Thursday, July 30, 2009

Arran for Glasgow Fair Weekend

Entry for 28 July 2009:

After the EFT Level 1 4-day intensive course was over, I needed to collapse for a day, which is exactly what I did, taking advantage of the 4-day Glasgow Fair Weekend. The next morning, however, we got up early and caught the train to Adrossan for our next Saturday Adventure. From Adrossan, we took the ferry across the Firth of Clyde to Arran.

It was a lovely, mostly sunny morning as we approached Brodick, the main town on Arran. We could see Brodick castle sticking up through the forest on the north side of the bay, and above, Goat Fell disappearing into the low-hanging clouds. We’d been meaning to visit Arran for ages, but it is difficult to do much there in a day, we were unsure about where to stay and how best to get around etc etc. Thus, we went along primarily on a scouting expedition, with a contingency plan of seeing if we could find accommodation and extend our stay. Fortunately, the tourist information place was able to find a place on the other side of the island, possibly the last room for two on the island, which we’d be able to reach by the somewhat infrequent Arran bus service.

Having re-organized our Saturday Adventure into two days, we spent most of the first day at Brodick Castle, with it 47 heads of deer running up the stairwell, a ghastly sight that nearly put us off the whole thing. It’s another magnificently-furnished-originally-military-castle-converted-over-the-centuries-into-a-stately-mansion kind of castle. The Dukes of Hamiliton apparently strongly favoured hunting and sports, the theme of much of the art found within the place, but the kitchen does feature a nice collection of Victorian household gadgets, many of which I recognized from my mother’s kitchen. Brodick Castle also has very nice gardens, but unfortunately much of it is currently suffering from some kind of fungal blight, which put them off limits to our exploration.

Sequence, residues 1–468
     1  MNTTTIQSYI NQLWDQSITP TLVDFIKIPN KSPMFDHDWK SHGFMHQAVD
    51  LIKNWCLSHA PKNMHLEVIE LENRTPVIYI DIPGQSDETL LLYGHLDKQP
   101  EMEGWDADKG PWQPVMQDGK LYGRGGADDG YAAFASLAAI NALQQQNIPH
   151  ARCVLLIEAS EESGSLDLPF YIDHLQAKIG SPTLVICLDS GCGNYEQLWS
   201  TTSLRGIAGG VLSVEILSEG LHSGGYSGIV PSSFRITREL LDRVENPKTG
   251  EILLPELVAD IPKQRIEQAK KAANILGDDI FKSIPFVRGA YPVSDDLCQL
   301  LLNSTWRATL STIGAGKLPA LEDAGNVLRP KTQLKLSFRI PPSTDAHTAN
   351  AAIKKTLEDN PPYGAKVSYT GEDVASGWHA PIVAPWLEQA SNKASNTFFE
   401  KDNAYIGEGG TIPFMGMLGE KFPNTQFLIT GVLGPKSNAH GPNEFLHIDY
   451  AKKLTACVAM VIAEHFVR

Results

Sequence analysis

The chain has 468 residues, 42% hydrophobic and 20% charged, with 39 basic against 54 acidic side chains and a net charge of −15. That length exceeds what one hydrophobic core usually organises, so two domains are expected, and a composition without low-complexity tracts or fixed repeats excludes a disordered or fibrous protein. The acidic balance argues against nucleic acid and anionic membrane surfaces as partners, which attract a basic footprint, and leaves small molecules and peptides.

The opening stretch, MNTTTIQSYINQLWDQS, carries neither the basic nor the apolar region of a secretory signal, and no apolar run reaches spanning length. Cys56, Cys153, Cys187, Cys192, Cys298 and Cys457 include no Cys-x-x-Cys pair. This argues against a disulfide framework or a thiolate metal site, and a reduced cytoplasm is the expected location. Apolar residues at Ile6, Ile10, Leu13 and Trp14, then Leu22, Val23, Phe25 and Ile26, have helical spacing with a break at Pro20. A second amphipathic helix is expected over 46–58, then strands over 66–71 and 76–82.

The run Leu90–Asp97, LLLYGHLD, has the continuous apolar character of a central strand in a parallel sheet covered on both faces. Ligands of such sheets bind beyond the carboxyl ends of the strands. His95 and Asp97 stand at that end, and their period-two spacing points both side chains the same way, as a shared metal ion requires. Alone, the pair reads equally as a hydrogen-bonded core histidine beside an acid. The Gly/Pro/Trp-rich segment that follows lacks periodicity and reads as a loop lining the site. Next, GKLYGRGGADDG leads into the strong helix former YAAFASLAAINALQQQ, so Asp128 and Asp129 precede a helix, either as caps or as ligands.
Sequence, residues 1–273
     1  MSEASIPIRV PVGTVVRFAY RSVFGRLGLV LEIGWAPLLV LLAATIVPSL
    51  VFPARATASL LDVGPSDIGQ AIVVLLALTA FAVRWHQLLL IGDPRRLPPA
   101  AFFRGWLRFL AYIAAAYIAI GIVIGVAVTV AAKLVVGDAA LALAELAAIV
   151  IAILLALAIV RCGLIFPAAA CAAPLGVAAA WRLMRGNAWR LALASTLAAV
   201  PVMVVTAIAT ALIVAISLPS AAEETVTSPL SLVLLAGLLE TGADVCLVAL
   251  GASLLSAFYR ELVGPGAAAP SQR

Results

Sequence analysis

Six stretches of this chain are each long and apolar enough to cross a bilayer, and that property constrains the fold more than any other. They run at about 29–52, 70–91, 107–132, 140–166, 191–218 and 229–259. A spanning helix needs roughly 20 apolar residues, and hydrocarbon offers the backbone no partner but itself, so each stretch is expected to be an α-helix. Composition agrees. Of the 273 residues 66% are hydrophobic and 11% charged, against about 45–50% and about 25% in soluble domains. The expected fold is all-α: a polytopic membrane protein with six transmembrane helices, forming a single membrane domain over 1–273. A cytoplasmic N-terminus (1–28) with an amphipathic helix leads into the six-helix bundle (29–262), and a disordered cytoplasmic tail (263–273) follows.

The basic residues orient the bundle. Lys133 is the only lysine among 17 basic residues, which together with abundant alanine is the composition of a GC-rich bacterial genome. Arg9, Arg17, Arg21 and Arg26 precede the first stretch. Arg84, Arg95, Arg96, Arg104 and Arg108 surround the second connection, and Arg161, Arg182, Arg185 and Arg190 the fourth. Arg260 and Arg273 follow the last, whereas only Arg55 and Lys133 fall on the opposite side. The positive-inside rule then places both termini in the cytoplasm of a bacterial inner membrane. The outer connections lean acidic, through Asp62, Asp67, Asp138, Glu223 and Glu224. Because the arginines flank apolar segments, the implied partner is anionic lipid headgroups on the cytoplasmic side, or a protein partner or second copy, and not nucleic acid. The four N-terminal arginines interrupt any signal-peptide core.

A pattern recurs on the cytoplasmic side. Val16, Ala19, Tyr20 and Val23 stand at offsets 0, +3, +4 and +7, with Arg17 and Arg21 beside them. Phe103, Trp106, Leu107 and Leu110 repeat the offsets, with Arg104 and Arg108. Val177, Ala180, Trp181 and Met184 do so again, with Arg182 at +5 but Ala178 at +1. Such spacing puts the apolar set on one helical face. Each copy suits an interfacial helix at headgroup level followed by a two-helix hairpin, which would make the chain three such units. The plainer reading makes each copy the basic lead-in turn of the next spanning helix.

On the way back from the castle, I found in one of our guidebooks that there are three standing stones between the castle and the town of Brodick. However, finding the Brodick Stones required some creative trail-following, and Diane expressed grave misgivings about the possibility of our getting lost on the way on a strange island. Fortunately, the standing stones turned out to be not far from the exit road from the castle, although they stood in the middle of a wheat field behind a hedge, making it difficult to get to them. (Scottish law on public access doesn’t give you permission to trample the farmer’s crops…) After that, as we walked into town, we spied a sign advertising meals at the Armadale Hotel, so we made a dinner detour, before continuing on to meet our bus.

The bus rumbled up over the centre of Arran on what the locals call the String road. We were heading for the little village Shiskine, so when we got there we stood up and moved to the front of bus, at which point the bus driver immediately stopped the bus to let us out. We got out, discovered no bus stop within sight, and watched the bus drive away through the rest of the village, which extended for half a mile in front of us. Later, we found out that unlike Glasgow buses, Arran buses stop pretty much wherever you want them, so the driver had just assumed that we wanted off at the near end rather than the far end of the town. We walked along the main road for about 10 minutes, until we came to the B&B that we had booked.